Ireland“The presidents of all seven Irish universities today called for a rethink on how research is funded in Ireland after the European Research Council’s granted Irish-based researchers only one of its 408 grants …” (more)

[Cormac Watson, University Times, 13 September]

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Ireland secures just one of over 400 European research grants

Posted in Research on September 14th, 2019 by steve

Ireland“Just one of more than 400 recently announced European research grants has been awarded to Ireland prompting calls for an overhaul in how the Government carries out its own funding. The presidents of seven third level institutions represented by the Irish Universities Association (IUA) have said national funding for primary research is far behind that of other countries …” (more)

[Mark Hilliard, Irish Times, 13 September]

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Elsevier investigates hundreds of peer reviewers for manipulating citations

Posted in Research on September 10th, 2019 by steve

International“The Dutch publisher Elsevier is investigating hundreds of researchers whom it suspects of deliberately manipulating the peer-review process to boost their own citation numbers. The publisher is looking into the possibility that some peer reviewers are encouraging the authors of work under review to cite the reviewers’ own research in exchange for positive reviews – a frowned-on practice broadly termed coercive citation …” (more)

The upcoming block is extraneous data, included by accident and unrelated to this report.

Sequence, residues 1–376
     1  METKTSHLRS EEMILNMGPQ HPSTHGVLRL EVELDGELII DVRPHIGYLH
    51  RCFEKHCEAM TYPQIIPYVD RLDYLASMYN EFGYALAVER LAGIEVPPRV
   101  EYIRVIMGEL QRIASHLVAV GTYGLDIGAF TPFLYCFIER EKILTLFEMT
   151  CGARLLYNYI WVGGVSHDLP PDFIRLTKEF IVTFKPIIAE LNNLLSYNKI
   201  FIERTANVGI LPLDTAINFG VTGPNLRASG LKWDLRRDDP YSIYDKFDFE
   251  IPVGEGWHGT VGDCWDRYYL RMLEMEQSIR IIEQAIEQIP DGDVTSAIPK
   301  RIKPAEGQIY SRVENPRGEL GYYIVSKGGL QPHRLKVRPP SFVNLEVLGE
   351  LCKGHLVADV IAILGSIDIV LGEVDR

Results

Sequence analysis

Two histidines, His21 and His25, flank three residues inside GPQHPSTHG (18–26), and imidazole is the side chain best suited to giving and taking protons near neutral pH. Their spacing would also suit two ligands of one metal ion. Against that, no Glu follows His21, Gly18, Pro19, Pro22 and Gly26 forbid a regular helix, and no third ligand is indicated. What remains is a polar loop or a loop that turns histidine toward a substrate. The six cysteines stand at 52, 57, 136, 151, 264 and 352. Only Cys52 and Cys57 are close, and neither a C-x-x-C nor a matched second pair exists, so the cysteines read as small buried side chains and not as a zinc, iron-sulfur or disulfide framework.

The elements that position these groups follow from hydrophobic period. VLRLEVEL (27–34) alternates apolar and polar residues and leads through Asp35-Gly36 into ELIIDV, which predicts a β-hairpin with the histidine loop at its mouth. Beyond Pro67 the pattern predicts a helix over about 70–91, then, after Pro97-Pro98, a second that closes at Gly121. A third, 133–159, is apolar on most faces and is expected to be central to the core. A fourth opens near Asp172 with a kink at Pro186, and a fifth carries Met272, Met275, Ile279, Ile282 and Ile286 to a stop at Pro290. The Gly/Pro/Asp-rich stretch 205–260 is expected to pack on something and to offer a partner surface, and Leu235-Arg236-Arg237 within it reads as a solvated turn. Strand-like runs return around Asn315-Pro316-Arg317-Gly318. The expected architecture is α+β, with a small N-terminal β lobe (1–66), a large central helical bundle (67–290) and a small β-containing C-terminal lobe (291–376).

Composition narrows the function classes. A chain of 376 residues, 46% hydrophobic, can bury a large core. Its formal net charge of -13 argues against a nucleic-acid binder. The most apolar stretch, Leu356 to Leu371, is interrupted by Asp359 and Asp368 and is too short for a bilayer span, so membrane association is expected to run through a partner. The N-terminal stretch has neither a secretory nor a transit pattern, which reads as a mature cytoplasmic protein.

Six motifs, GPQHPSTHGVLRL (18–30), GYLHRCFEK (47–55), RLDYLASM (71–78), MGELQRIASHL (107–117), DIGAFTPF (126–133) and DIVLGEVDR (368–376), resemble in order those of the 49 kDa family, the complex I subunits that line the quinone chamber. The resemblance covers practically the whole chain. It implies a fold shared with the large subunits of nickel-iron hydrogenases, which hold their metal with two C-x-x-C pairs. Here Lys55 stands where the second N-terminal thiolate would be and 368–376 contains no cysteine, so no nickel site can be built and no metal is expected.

[Dalmeet Singh Chawla, Nature, 10 September]

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Former Trinity lecturer accused of plagiarism by student

Posted in Legal issues, Research on September 9th, 2019 by steve

Ireland“Adebola Adedimeji, a former Trinity lecturer, failed to defend his work in court after being accused of plagiarism by his former thesis supervisee, Annette Rochford. Rochford, a clinical nurse specialist, has accused Adedimeji of presenting her research as his own on two separate occasions …” (more)

[Jessica Hobbs Pifer, Trinity News, 8 September]

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‘Contest models highlight inherent inefficiencies of scientific funding competitions’

Posted in Research on September 9th, 2019 by steve